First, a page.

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J Trauma. 1991 Apr;31(4):531-6; discussion 536-7.

Role of gastric colonization in the development of pneumonia in critically ill trauma patients: results of a prospective randomized trial.

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Department of Surgery, Rhode Island Hospital/Brown University, Providence 02903.


Critically ill trauma patients were entered in a prospective, randomized trial to determine the role of gastric colonization in the development of pneumonia. Trauma patients admitted to the SICU were randomized to receive antacids (n = 27), continuous IV cimetidine (n = 32), or sucralfate (n = 30). Quantitative nasogastric tube (NGT) cultures were obtained biweekly and correlated with gastric pH, the incidence of pneumonia, and the incidence of pneumonia caused by an organism previously isolated from the stomach (percentage of gastric source of pneumonia--% GSP). Patients receiving antacids had a significantly greater pH than those receiving cimetidine (5.6 +/- 1.03 vs. 4.7 +/- 1.03; p = 0.006). However, there was no significant difference between the overall incidence of pneumonia, the percentage of NGT isolates greater than 10(6)/ml, or the % GSP. The gastric bacteriology of the three subgroups was nearly identical, with Candida albicans, Enterococci, and beta-hemolytic Streptococci being the most frequently isolated organisms. Gastric growth of organisms preceding their appearance in the blood occurred in 5 of 89 (5.6%) patients. These results suggest that 1) in trauma patients, the incidence of pneumonia is not increased by the use of stress ulcer prophylactic agents that elevate gastric pH; 2) increases in gastric pH progressively increased the number of intragastric bacteria but this did not correlate with an increased incidence of % GSP; and 3) while organisms in the upper intestinal tract may be pathogens for pneumonia, they are uncommonly a source of bacteremia in seriously injured patients.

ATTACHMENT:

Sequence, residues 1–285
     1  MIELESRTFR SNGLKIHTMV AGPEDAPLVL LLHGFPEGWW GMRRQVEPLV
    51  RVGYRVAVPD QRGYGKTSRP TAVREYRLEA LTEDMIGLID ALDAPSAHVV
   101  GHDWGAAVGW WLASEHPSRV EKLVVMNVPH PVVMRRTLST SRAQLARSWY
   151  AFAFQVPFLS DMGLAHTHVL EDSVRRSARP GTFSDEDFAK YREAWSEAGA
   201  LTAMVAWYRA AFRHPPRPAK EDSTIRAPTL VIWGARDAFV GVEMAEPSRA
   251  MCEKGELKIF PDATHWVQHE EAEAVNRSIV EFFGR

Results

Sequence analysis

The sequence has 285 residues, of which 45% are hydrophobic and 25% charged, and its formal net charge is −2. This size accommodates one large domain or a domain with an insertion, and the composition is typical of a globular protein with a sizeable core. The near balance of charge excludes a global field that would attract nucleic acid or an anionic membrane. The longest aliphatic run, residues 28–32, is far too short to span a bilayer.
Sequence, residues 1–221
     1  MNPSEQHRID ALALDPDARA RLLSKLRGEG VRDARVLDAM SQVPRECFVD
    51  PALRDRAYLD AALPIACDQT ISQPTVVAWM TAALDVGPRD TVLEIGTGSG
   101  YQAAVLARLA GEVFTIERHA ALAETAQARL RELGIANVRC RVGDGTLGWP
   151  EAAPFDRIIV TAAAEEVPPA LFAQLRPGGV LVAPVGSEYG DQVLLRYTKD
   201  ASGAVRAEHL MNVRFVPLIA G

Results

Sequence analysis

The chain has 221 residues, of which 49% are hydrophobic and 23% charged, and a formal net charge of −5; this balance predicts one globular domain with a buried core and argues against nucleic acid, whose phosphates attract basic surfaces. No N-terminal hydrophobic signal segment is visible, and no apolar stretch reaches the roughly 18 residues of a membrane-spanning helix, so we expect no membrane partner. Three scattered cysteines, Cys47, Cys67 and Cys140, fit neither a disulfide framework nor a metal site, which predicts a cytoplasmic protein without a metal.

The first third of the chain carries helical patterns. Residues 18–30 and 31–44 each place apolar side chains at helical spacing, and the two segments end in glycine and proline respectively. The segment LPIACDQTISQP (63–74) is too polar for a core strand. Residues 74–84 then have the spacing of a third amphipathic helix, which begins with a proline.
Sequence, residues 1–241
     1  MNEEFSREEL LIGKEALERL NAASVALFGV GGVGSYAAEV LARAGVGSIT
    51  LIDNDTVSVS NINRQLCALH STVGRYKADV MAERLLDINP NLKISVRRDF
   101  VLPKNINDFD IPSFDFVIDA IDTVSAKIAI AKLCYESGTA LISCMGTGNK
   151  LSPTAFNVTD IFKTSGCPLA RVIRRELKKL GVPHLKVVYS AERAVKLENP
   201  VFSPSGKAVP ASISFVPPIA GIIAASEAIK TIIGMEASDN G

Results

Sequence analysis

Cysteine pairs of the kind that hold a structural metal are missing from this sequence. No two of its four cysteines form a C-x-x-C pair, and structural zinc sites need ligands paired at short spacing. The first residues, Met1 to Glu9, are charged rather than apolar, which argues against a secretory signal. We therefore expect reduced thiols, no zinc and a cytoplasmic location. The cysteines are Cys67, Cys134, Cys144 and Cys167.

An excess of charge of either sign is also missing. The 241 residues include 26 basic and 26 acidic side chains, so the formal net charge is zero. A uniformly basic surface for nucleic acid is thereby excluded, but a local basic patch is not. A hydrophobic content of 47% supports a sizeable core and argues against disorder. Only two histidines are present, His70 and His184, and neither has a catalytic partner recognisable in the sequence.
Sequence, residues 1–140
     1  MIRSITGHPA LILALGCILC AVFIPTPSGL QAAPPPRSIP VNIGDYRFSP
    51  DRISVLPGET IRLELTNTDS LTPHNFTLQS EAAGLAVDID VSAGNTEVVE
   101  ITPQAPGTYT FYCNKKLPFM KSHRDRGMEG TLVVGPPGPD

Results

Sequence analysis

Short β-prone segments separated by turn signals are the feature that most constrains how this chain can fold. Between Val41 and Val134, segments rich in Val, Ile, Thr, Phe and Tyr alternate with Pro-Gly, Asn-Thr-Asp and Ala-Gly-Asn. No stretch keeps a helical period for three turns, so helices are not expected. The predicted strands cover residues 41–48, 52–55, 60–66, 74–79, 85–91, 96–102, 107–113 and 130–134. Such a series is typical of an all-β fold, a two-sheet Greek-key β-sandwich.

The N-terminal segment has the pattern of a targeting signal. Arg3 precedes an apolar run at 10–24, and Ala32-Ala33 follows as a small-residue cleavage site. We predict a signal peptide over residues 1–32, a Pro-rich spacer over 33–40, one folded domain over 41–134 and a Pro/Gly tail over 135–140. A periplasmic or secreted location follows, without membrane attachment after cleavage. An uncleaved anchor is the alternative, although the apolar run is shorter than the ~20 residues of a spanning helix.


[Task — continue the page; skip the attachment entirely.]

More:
[Indexed for MEDLINE]

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